Australian opposition leader tests positive for Covid-19 amid election campaign

Labour leader Anthony Albanese will be forced to isolate at home for the next week of the election campaign after testing positive for Covid-19, driving changes to his strategy as he draws on a contingency plan.

Albanese said he would continue campaigning from home in Sydney for the next week while he recovers from the virus.

The Labour leader spent Thursday campaigning on the defensive in the marginal seat of Gilmore, on the NSW south coast, after taking part in a leaders' debate in Brisbane last night.

He has been taking PCR tests regularly and unlike Prime Minister Scott Morrison, has not had Covid-19 before.

It means the Opposition Leader will be forced to postpone a punishing schedule of marginal seat visits in the next week and instead do media appearances from home, while the Prime Minister continues to travel around the nation.

"Following a routine PCR test this afternoon ahead of interstate travel to Western Australia, I have returned a positive result for Covid this evening," Albanese said in a statement on Thursday night.

"While at home, I will continue my responsibilities as alternative Prime Minister and will be fighting for a better future for all Australians.

"I am grateful to know that I will have access to the world's best health care if I need it, because of Medicare.

"I am feeling fine so far - and thank everyone for their well wishes."

Morrison wished Albanese well.

"Everyone's experience with Covid is different and as Labor's campaign continues, I hope he does not experience any serious symptoms," Morrison said on Twitter.

Several opposition MPs told the ABC that while the situation was not ideal, they did not believe it would have a detrimental impact on the Labour campaign.

They all noted it was fortunate Albanese had tested positive less than two weeks into the campaign, rather than the week before the election.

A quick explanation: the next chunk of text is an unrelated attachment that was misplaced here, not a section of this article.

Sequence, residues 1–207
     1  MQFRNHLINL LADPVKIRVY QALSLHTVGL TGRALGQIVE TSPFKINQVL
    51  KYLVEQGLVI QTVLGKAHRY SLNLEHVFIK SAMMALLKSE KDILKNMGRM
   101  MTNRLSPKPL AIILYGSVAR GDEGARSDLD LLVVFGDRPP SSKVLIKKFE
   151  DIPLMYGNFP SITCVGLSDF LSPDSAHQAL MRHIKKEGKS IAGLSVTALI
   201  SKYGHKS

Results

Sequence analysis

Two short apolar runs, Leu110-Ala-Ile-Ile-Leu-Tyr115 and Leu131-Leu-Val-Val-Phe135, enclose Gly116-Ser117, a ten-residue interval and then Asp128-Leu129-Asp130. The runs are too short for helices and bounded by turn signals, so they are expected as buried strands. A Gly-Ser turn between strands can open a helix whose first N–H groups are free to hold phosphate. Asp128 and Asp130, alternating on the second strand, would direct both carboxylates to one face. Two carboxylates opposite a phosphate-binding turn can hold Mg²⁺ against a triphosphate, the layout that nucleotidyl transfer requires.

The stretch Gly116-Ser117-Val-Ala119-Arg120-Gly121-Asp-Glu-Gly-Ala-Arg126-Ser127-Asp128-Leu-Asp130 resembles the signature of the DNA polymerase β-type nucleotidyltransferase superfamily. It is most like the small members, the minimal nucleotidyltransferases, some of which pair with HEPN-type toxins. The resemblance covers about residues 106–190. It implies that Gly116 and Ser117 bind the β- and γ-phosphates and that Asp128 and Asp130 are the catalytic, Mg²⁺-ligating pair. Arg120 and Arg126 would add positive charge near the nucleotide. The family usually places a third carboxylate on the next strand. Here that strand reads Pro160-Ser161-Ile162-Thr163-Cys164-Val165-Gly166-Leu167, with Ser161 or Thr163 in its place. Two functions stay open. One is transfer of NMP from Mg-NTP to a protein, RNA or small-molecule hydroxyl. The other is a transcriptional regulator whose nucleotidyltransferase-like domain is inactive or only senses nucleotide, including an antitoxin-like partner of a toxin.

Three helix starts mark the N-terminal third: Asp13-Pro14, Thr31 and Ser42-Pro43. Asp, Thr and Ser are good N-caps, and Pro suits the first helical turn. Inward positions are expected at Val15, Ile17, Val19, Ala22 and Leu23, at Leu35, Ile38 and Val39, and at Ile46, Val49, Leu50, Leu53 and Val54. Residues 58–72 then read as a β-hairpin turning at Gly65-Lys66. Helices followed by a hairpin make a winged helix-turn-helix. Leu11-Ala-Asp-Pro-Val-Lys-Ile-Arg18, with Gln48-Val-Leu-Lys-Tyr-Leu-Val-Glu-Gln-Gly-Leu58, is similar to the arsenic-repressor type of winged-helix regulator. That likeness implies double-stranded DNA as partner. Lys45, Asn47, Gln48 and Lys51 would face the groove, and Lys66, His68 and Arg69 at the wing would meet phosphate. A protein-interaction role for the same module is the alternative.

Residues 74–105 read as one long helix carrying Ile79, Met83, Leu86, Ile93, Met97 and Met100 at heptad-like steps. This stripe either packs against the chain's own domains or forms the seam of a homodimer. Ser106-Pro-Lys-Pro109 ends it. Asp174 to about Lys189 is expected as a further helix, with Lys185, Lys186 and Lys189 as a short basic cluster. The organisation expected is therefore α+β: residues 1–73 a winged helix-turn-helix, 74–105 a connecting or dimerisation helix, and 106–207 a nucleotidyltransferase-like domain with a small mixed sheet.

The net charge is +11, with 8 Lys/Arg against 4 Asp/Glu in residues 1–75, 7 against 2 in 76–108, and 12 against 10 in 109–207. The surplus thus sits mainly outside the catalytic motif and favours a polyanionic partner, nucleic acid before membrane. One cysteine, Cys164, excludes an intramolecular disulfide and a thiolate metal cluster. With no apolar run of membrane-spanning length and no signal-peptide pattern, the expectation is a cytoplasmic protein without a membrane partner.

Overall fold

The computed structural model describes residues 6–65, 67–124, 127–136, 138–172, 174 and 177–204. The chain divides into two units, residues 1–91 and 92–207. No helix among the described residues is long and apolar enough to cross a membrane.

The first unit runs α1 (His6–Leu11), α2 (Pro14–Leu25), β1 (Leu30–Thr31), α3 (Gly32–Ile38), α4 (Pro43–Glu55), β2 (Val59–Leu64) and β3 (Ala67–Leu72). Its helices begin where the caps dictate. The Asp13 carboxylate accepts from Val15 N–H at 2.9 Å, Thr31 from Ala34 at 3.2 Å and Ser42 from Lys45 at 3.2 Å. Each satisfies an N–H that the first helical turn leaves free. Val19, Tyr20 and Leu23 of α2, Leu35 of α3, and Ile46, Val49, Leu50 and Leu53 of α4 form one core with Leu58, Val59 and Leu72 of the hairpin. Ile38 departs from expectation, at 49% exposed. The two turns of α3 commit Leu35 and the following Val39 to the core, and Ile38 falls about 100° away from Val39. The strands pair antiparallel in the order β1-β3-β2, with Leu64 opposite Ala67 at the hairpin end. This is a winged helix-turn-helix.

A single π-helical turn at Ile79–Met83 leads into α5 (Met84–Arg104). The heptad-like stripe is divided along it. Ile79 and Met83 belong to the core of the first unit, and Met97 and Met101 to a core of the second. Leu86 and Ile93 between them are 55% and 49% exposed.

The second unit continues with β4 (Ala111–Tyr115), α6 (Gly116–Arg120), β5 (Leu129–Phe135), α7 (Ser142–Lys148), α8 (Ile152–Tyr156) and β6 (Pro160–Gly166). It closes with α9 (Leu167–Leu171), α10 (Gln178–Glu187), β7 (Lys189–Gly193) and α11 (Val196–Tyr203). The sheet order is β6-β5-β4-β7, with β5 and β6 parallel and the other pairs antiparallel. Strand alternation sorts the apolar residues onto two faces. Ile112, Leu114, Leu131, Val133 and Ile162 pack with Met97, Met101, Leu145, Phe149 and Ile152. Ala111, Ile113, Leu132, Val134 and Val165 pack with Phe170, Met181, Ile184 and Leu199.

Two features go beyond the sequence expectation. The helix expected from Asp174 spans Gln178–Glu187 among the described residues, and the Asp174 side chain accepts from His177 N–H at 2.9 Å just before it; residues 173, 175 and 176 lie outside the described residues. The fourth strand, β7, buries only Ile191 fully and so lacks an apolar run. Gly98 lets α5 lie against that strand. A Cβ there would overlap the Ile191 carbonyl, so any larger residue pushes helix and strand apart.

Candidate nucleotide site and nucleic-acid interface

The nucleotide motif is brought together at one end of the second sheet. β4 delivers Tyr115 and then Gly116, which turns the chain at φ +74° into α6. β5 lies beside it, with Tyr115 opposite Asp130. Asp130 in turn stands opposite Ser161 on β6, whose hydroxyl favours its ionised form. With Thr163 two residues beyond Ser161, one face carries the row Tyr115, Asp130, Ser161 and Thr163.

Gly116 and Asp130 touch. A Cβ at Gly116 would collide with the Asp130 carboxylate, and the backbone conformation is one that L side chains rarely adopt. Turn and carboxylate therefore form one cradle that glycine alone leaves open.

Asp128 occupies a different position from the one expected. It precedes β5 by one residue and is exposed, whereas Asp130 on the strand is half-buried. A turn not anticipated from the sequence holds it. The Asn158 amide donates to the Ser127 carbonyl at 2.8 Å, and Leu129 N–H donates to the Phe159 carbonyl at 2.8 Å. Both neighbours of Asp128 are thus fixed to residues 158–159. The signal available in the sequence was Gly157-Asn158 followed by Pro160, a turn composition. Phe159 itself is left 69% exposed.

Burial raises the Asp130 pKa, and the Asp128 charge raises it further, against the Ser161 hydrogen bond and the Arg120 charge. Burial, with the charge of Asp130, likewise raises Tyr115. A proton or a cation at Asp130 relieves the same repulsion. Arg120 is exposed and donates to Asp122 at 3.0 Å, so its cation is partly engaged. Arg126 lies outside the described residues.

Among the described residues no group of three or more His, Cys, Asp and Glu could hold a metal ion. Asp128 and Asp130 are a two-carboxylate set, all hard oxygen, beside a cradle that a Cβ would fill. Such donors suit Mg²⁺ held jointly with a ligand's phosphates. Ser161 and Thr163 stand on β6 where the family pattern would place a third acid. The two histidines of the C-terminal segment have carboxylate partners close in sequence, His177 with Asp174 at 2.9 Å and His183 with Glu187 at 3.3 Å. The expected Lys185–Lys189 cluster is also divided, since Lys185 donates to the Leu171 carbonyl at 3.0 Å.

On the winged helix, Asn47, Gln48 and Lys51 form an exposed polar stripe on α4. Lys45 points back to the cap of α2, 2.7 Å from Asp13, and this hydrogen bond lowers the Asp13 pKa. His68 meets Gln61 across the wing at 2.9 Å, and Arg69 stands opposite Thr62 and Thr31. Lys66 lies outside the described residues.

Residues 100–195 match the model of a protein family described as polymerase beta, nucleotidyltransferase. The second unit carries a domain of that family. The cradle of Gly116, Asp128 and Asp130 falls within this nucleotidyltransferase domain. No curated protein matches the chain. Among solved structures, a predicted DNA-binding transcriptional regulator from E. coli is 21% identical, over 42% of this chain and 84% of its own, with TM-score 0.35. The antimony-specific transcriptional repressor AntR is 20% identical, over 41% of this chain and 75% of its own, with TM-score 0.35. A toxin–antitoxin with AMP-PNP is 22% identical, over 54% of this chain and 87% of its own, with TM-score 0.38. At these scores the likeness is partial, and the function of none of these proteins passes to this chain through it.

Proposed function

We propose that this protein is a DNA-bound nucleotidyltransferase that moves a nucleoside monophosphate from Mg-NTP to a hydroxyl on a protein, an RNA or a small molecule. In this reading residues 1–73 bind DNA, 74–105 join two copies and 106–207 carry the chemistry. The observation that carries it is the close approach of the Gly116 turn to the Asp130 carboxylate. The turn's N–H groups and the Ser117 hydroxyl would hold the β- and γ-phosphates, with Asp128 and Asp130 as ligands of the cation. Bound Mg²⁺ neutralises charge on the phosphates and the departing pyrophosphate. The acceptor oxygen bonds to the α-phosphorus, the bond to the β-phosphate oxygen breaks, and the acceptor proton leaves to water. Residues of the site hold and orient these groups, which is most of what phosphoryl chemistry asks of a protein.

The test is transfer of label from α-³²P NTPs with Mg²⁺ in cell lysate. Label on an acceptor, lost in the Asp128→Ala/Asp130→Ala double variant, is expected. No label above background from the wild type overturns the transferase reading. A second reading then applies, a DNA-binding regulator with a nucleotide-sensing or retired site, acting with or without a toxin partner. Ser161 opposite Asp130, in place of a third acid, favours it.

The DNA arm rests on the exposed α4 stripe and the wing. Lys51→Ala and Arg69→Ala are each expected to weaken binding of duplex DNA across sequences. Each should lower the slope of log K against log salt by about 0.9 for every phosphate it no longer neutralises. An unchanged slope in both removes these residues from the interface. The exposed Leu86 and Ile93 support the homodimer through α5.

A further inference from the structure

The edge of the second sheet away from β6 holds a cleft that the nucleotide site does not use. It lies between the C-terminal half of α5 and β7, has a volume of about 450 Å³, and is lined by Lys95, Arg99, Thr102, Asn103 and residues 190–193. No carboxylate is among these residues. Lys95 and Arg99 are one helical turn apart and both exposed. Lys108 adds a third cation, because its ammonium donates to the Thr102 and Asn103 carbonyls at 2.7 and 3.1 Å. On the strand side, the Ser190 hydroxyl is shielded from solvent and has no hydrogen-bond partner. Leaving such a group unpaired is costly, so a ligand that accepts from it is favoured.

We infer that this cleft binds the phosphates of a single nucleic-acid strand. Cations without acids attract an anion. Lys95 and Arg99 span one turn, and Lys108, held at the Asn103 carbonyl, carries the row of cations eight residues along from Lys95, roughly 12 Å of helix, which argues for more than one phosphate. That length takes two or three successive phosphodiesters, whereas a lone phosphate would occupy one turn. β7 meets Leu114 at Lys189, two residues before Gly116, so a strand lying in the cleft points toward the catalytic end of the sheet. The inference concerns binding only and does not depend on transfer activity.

Labour strategists have been wargaming different strategies in the event of a potential Covid-19 infection, and some MPs suggested it might even be a "blessing in disguise" after a shaky start to Albanese's campaign.

There is also speculation the isolation period will likely allow experienced key frontbenchers like Shadow Treasurer Jim Chalmers and Deputy Leader Richard Marles to shoulder more responsibility.

Publicly, Labour MPs sent well wishes to their leader on social media, with Labor frontbencher Chris Bowen - who has also had Covid - telling him to "rest up" as "there is much work to do when you're out of isolation to win this election."

Before he tested positive, Albanese visited Uniting's Symons House aged care home in Nowra while wearing a face mask.

Uniting's Head of Village Services Keith Morgan told the ABC they have been made aware of the situation.

"Following Mr Albanese's positive Covid-19 test result, staff and residents at Uniting's Symons House in Nowra will take precautions which include testing, cleaning and monitoring for symptoms," he said.

"Uniting ensures 100 per cent of our staff and contractors are full vaccinated against Covid-19."

There are still four weeks left of the election campaign to go, with voters heading to the polls on 21 May.



Photo: AFP  Caption: Australian Prime Minister Scott Morrison (R) shakes hands with leader of the opposition, Anthony Albanese, during the first leaders' debate of the 2022 federal election campaign at the Gabba in Brisbane on April 20, 2022.